Dear Mr. Bernanke, Press conferences are a bad idea.

March 29, 2011: 5:00 AM ET

Why Ben Bernanke may come to regret his decision to make the Federal Reserve more transparent.

Ben Bernanke

Why open yourself up to ridicule?

I'm all in favor of us plain old citizens getting some idea of what our government is doing. But I've got a really bad feeling about Fed Chairman Ben Bernanke's plan to make the Fed more "transparent" by holding four news conferences a year. It sounds great, but I think Bernanke will come to regret descending into the journalistic scrum on a regular basis. The idea is to make the Fed seem less aloof and less elitist, and to try to build up political support against the political onslaught being led by supposed "populists" who want to get the Fed to follow their doctrines, as opposed to acting independently by doing what it thinks is right -- as a central bank should.

But I think holding regular news conferences will turn the Fed chairman into just another talking head in a world already overrun with them. As things stand now, the Fed chief answering questions during a financial crisis, or going on 60 Minutes (as Bernanke has done twice) attracts a lot of attention. It lets the chairman make his points, have an impact and get off the stage. Once these public appearances become routine, their scarcity value will disappear. It probably won't take long for them to turn into gaffe-seeking sessions, with questioners trying to get Bernanke to look angry or foolish, or to say something really dumb.

Although this risks having me tarred with the E (for "elitist") word, I think the Fed is better off with less exposure. That way, people will continue to think that the Fed is more knowledgeable, powerful and organized than it really is.

Because I began writing about the Fed without having any access, I realized quickly that the Fed gods that many of my news media colleagues worshipped had feet of clay. The Fed would sometimes follow financial markets rather than lead them. It would get monetary policy wrong. And then there are the whoppers, such as former chairman Alan Greenspan thinking derivatives made the financial system safer, or Bernanke insisting until way late in the game that the mortgage problem would be easily contained.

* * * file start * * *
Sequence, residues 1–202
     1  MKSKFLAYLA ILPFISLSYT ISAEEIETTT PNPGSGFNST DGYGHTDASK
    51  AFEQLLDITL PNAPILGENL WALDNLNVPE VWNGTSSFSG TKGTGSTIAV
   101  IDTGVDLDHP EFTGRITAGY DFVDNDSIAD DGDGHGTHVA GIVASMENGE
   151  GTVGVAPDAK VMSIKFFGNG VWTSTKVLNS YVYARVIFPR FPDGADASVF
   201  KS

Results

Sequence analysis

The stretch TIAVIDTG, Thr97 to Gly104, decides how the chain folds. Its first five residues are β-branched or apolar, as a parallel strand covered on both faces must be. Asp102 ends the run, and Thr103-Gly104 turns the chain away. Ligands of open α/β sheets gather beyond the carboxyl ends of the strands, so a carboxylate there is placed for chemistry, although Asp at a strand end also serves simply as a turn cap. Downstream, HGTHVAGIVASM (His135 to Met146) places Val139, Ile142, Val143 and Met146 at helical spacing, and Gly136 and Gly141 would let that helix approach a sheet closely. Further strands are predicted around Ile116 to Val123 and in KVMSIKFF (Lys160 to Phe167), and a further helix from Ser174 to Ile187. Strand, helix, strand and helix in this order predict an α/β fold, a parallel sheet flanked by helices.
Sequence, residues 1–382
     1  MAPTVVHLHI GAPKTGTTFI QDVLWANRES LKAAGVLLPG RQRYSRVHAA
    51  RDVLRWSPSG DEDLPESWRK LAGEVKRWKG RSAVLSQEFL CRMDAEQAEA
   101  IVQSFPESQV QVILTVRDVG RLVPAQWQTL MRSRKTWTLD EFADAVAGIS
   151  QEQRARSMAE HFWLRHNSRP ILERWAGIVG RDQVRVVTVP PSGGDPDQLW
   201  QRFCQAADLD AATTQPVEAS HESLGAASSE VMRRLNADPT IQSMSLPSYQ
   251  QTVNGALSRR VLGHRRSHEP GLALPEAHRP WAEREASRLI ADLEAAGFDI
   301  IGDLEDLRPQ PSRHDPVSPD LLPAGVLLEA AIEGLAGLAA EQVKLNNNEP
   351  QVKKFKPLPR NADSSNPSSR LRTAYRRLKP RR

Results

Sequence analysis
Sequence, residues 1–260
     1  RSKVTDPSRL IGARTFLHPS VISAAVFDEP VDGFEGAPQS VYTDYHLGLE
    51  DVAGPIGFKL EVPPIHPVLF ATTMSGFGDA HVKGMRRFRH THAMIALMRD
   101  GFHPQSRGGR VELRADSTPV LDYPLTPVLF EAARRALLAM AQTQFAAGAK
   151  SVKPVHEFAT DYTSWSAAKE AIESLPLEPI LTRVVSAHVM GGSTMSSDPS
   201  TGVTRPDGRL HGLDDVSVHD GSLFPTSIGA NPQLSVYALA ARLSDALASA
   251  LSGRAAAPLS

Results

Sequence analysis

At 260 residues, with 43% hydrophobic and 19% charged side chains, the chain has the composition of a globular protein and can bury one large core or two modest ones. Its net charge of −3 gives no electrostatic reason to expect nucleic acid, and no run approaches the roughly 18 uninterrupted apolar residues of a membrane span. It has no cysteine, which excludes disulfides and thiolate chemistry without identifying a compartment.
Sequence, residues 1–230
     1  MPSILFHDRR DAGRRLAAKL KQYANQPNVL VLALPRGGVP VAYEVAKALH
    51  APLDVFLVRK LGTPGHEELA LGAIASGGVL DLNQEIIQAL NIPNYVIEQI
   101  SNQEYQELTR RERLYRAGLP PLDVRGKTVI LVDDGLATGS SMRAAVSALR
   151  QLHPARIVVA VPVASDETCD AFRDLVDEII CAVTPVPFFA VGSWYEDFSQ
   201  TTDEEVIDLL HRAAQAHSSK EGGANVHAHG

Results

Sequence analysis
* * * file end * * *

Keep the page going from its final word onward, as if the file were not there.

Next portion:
The Fed has two huge advantages over other government institutions. First, it retains at least some mystique. Second, it sets its own budget and doesn't have to grovel to politicians for money. The Fed is insanely profitable, because it can create money out of nothing and use it to buy interest-bearing securities. That's how it made $82 billion last year. I'd hate to see the Fed tailor its policies so they'll sound good at the chairman's quarterly news conferences.

It may sound silly for me to worry about the Fed's well-being. But as things stand now, it's the only part of the government that seems capable of taking quick economic action.

Even if you're dubious, as I am, about the Fed's program of printing dollars and slowly debasing them -- the effect of what the Fed calls quantitative easing -- at least the Fed was able to do something dramatic and quick to try to stimulate the economy. Meanwhile, Congress and the administration seem immobilized by talk, politics and games. Other central bankers -- including the European Central Bank and the Bank of England -- hold frequent news conferences. But it just feels unseemly for the Fed, the world's most powerful central bank (albeit less powerful relative to markets and other central banks than when the U.S. economy and currency were more dominant), to be trying to kiss up to the public.

I don't think the more-transparency strategy is going to work in the long run, and maybe not even in the medium run. The people who dislike the Fed for ideological or policy-making reasons aren't going to change their minds because of Bernanke's news conferences. Neither are the millions of people who feel screwed-over economically and want someone to blame.

So good luck, Ben. If you can survive giving testimony in Congress, you know all about dealing with foolish questions.

Also on Fortune.com:

Join the Conversation
About This Author
Allan Sloan
Allan Sloan
Senior Editor at Large, Fortune

Allan Sloan, who has been writing about business for more than 40 years, joined Fortune in July of 2007. Before that, he was the Wall Street editor for Newsweek for 12 years. His work also appears in The Washington Post. Allan is a seven-time winner of the Loeb Award, business journalism's highest honor, receiving awards in four different categories for five different employers. He is a graduate of Brooklyn College and has a master's degree in journalism from Columbia University. He and his wife live in New Jersey. They have three grown children.

Email Allan
Current Issue
  • Give the gift of Fortune
  • Get the Fortune app
  • Subscribe
Powered by WordPress.com VIP.